A closer look at Job Corps and 70,001 shows how well either program can prepare a youth for that crucial day when an interview is granted. Eugene Wimbush credits Job Corps, a federal program started in 1964, with helping him prepare for and land the plasterer's job. For two years he studied and trained at the Potomac Job Corps Center, a collection of old brick buildings on a hill in an economically poor part of this city.
During a recent visit to the center, this writer saw trainees - young women and young men - in coveralls, climbing ladders to rig electrical wiring, on their knees learning to lay cement, or in street clothes attending academic classes. There was an air of enthusiasm, seriousness of purpose, and, for the most part, cheerfulness, among students and staff.
Job Corps participants are between ages 16 and 21. Most are high school dropouts. They come from poverty-level families. Their average reading level is sixth grade. Many have been in trouble with the law.
A combination of residential living, professional training, a staff that cares, and discipline - including worklike rules in training classes - seem to be the ingredients that make Job Corps effective. Nationwide, Job Corps accepts 40,000 trainees a year at 107 centers. Most of the participants live at the centers during the time they are in training, which averages eight months.
Having the participants live at the training centers is more expensive, but it is also the key to Job Corps's success, says Nellie Williams, director of the Potomac Job Corps center where young Wimbush trained. Such an arrangement gives the staff ''the opportunity to train the whole person,'' she says. Problems with punctuality, misbehavior, motivation, and other personal difficulties are better addressed through a residential setting, staff members say.
Job Corps has had years of strong bipartisan support in Congress.
Not every trainee sticks it out long enough to get a high school equivalency certificate or complete training in electrical wiring, plumbing, security guard, food service, or one of a dozen or so trades. And a small number is expelled for misbehavior.
A study by Mathematica Policy Research Inc. of Princeton, N.J., compared the job status between former Job Corps participants and nonparticipants of similar background, some of whom had other types of education, training, or work experience. The study found that, four years after leaving Job Corps, its participants:
* Were earning $600, or 15 percent, more a year than nonparticipants.
* Were working three weeks, or 6 percent, more a year.
* Were 4 percent less dependent on welfare and 2 percent less dependent on unemployment payments.
* Were less involved in serious crime.
In addition, 27 percent more had completed their high school education, and more Job Corps participants had gone on to college, technical schools, or the military.
Compared with Job Corps, the results in 70,001 are much more short-lived. But the program costs about one-fourth as much.
70,001 is primarily a classroom program. Participants, almost all of them high school dropouts, are offered 84 hours of instruction in remedial math, English, and other courses, and 32 hours on how to find a job, prepare resumes, and conduct themselves in interviews.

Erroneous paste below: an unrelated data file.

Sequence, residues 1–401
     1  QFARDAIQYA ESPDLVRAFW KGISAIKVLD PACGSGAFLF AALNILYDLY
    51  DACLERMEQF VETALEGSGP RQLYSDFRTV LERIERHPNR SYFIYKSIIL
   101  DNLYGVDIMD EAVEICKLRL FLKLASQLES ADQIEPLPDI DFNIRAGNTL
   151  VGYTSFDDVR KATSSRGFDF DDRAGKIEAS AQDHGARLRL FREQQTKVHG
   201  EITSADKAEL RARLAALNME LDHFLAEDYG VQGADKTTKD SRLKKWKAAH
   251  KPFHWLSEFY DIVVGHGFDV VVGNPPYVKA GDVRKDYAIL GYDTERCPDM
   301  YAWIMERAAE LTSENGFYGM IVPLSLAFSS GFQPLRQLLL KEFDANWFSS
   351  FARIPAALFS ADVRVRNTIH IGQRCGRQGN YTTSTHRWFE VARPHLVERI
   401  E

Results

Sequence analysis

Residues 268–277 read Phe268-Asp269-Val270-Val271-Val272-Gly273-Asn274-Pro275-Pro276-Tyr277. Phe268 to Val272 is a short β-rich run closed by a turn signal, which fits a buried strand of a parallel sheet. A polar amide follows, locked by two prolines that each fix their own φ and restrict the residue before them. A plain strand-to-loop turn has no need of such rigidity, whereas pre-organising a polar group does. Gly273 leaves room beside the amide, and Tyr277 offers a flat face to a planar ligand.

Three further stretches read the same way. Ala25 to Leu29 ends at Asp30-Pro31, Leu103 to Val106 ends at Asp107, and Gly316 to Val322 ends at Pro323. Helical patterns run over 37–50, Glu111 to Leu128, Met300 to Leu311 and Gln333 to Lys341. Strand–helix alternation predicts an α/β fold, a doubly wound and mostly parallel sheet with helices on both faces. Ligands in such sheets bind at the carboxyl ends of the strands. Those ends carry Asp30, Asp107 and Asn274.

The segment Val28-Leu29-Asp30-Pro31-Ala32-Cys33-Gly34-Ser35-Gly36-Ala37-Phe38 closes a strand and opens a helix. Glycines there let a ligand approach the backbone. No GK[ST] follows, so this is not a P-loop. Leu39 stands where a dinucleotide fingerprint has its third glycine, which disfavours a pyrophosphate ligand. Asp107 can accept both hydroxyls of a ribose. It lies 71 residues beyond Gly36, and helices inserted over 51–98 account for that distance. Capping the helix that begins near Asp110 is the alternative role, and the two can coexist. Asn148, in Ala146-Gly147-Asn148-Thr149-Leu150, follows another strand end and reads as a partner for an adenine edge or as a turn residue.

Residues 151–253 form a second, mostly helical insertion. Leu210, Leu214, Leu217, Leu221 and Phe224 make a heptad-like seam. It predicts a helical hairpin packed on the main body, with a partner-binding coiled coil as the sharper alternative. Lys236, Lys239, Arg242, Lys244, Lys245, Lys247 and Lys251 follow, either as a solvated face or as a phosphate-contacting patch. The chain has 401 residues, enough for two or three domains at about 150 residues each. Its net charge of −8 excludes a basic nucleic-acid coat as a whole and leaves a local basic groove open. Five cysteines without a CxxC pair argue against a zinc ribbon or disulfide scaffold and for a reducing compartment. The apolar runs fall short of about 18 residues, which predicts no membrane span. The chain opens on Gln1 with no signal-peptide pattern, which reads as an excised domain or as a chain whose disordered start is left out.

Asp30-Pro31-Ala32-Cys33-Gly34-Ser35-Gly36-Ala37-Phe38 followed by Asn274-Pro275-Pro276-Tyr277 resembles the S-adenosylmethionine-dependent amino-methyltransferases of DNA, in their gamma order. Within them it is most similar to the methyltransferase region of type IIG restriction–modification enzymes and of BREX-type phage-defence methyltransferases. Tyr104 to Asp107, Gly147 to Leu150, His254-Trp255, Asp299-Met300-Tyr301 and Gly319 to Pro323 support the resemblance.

Nationally, 70,001 accepts about 4,300 youths at 53 sites, and it places about 3,200 of them in jobs. Sixty percent of those who enter the program and 80 percent of those who complete the program are placed on jobs.
Eight to 10 months after 70,001 participants leave the program, they were earning about $24 a week more than nonparticipants, a follow-up study shows. They also had a slightly higher employment rate. Sixteen percent were in school or training programs, compared with 8 percent of the nonparticipants.
But another follow-up study, just released by the US Department of Labor, shows that, 2 to 3 1/2 years after 70,001 participants leave the program, benefits are ''near zero'' compared with nonparticipants.
The authors of the follow-up study, by Public/Private Ventures of Philadelphia, conclude: ''One is left wondering whether pre-employment programs such as 70,001 are good social investments.''
But, adds one of the study's authors, Wendy Wolf: ''The program does a lot for its costs.'' The study suggests that adding other kinds of training (not spelled out in the analysis) might sustain the program's benefits for a longer time.
And, says 70,001 founder Roger Semerad of Brookings Institution, society benefits from the youths' employment and educational gains during the two years before the program's advantages begin to fade.
But, he says, the new research is ''further documentation'' that benefits don't last longer than about two years in most youth job-training programs.
70,001 is a ''valuable first step (for unemployed youth),'' says Max Elsman, the program's national director of communications. 70,001 officials are studying how to improve 70,001 to give more long-lasting results, by extending training hours, concentrating on specific job-skill preparations, and other approaches, he says.
Many youth-employment programs, some highly praised by experts, have not had the long-term follow-up analysis that Job Corps and 70,001 have had, and their benefits may not stand the test of time. Next: Retraining displaced workers